Issue 44 - 6 June 2022


Health and care news from across north east London

Welcome to our public bulletin keeping local people informed about health and care services; and how you can stay well and keep safe.

For daily updates, follow us on Twitter at @NELHCP.

We still want your feedback on the NELHCP Public Bulletin

We are still seeking your feedback on this bulletin. We want to know how often you read it, how useful you find the information in it, and if and how you share that information so we can make it as useful as possible.

Please complete the three minute survey by Tuesday 14 June 2022. If you have any questions please email Jennyfer.Walker@nhs.net.

 

What to do if you suspect you have monkeypox

Monkeypox is a rare viral infection that does not spread easily between people - it is usually a mild self-limiting illness and most people recover within a few weeks. However, severe illness can occur in some individuals.

The risk to the UK population remains low, but you must be alert to any new rashes or lesions, which would appear like spots, ulcers or blisters, on any part of your body.

Although this advice applies to everyone, the majority of the cases identified to date have been among men who are gay, bisexual and men who have sex with men, so we are asking these people in particular to be aware of the symptoms, particularly if they have recently had a new sexual partner.

Call 111 or contact a sexual health clinic if you have a rash with blisters and either:

  • you've been in close contact with someone who has or might have monkeypox (even if they've not been tested yet) in the past three weeks

  • you've been to west or central Africa in the past three weeks

  • you're a man who has sex with men

Tell the person you speak to if you've had close contact with someone who has or might have monkeypox, or if you've recently travelled to central or west Africa.

Do not go to a sexual health clinic without contacting them first. Stay at home and avoid close contact with other people until you've been told what to do.

For further help and advice contact the National Sexual Health helpline on 0300 1237123 or the Monkeypox Helpline on 0333 2423 672.

 

Help shape the future of Homerton Healthcare

Homerton Healthcare NHS Foundation Trust are inviting you to be part of a community conversation on Thursday 9 June 2022, where they will explore how your stories will shape Homerton Healthcare’s work and see what they can do to continue the conversation with you.

The event will take place at Chats Palace (Chats Palace Arts Centre, 42-44 Brooksby’s Walk, London, E9 6DF) on 9 June 2022, from 5:30pm-7:30pm. Registration and light refreshments will be provided from 5pm.

If you’d like to register for the event, please click here.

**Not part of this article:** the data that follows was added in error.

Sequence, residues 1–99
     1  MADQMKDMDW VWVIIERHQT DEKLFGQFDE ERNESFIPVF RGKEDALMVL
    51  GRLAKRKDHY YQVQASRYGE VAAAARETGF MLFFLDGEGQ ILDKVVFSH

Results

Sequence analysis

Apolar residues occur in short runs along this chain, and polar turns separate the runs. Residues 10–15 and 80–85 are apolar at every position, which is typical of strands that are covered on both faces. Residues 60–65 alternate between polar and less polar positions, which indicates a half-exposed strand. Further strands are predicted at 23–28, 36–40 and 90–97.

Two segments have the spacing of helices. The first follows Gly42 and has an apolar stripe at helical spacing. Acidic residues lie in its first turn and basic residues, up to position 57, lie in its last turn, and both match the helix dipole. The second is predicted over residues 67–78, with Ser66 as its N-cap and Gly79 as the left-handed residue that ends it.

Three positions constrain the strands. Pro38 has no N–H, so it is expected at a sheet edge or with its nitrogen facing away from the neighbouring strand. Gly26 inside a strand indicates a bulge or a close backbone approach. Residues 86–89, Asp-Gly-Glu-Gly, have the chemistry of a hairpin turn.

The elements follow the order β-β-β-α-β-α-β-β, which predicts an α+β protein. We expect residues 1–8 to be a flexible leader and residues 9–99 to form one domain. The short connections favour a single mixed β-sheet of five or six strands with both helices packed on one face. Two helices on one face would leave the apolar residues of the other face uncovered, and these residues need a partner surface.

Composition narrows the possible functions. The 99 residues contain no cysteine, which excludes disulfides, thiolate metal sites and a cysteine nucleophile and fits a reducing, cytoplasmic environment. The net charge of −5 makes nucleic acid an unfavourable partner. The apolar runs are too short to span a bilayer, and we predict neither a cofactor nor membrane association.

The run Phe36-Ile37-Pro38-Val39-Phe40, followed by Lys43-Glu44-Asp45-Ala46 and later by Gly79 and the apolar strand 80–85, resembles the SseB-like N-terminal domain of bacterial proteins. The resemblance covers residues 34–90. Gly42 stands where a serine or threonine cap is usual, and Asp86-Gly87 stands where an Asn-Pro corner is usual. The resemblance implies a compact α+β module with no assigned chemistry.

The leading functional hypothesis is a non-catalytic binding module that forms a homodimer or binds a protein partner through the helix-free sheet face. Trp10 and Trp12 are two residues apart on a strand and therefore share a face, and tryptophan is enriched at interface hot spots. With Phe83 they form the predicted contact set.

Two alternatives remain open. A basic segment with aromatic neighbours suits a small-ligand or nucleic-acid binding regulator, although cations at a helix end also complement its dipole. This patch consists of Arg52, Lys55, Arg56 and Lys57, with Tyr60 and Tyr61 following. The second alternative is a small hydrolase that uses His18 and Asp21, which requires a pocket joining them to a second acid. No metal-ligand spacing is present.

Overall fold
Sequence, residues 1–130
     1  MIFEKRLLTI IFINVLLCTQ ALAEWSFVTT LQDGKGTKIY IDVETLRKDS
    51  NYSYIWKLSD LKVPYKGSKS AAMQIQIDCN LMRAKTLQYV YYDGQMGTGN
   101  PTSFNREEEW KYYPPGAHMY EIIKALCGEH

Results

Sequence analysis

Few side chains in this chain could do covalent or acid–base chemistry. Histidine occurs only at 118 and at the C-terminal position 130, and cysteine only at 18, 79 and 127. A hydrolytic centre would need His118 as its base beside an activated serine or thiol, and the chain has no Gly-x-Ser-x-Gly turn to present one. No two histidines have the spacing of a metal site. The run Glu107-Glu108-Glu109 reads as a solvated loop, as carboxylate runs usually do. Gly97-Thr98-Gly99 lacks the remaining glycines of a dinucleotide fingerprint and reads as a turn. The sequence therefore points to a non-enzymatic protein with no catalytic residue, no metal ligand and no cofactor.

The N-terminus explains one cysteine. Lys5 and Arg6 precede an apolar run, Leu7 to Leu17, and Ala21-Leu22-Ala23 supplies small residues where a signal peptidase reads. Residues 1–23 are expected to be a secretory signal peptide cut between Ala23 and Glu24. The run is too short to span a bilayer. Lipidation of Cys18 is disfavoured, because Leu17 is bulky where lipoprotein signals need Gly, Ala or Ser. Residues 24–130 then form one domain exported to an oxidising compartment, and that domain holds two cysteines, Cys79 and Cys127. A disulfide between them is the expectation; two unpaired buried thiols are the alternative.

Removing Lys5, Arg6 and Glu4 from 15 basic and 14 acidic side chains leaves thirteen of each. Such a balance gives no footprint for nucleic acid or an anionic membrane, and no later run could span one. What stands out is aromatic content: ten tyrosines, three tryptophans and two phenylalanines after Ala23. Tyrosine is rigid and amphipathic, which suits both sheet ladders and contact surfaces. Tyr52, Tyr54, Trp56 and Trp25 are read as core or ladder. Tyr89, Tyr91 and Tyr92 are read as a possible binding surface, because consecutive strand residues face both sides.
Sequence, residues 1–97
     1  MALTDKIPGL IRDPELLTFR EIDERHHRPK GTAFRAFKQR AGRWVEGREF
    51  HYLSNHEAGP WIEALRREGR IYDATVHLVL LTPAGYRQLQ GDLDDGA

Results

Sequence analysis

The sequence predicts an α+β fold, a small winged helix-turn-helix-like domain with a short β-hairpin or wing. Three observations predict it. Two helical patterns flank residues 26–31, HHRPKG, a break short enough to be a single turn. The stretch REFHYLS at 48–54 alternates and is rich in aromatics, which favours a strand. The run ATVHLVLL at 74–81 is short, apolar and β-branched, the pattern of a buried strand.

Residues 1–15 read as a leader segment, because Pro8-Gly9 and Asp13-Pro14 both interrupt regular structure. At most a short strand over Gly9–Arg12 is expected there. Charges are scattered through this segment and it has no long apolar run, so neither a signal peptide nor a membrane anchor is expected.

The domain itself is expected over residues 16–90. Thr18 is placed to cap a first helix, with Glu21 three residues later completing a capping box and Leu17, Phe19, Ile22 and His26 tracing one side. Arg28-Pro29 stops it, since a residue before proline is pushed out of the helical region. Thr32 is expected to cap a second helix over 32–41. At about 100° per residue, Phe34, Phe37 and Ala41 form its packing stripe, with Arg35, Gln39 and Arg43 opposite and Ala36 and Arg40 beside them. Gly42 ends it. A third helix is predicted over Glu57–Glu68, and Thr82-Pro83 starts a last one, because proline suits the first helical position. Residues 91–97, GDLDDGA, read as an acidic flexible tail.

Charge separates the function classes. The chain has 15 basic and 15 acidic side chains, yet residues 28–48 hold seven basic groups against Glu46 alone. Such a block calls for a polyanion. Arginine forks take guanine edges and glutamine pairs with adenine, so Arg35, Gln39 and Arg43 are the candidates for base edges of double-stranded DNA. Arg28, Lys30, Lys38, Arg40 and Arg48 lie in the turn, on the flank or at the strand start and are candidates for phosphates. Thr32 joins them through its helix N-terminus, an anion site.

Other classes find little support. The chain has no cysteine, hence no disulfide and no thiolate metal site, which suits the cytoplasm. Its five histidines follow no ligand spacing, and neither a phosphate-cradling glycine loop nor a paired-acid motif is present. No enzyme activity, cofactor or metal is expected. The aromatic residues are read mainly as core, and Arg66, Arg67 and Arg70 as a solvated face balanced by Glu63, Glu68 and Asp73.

Join a BAME men's mental health and wellbeing community discussion

Social Action for Health is holding a community event to engage local Black, Asian, and minority ethnic men in a discussion about their mental health and wellbeing. It is open to everyone from the north east London area.

The event runs run from 10:30am until 14:30pm on Wednesday 15 June at the London Muslim Centre in Whitechapel. The vast majority of participants will be from the BAME male community, but women will also be involved and welcome at the event.

More information can be found at their Eventbrite page, including how to register for your free ticket.

 

 

 

Increasing awareness and raising hope for personality disorders

Personality disorders affect an estimated 10-13% of the population. They often attract stigma rather than support, and they can be distressing to live with.

There are gaps in understanding within health care systems of personality disorders and what interventions and options are provided by the NHS.

Now a group of people who have mental health and social difficulties commonly associated with the diagnosis of 'personality disorder’ have launched a campaign to raise awareness of the conditions. Supported by Healthy London Partnership, it centres on a series of podcasts to increase understanding and give people hope regarding support and treatment options.

Get more information and listen to the podcasts here.

 

Upcoming webinar: Should I get my child vaccinated against Covid-19?

The Covid-19 vaccine is available for all children from five years old.

To help carers, guardians and parents decide what’s best for their children, the NHS in London is partnering with the Department of Education and the National Network of Parent Carer Forums to answer questions and give expert advice on the Covid-19 vaccines for children and teens on Friday 10 June from 1:30pm to 2:30pm.

To register for the event and get any questions you may have answered, click this link.


Updated: 02/06/2022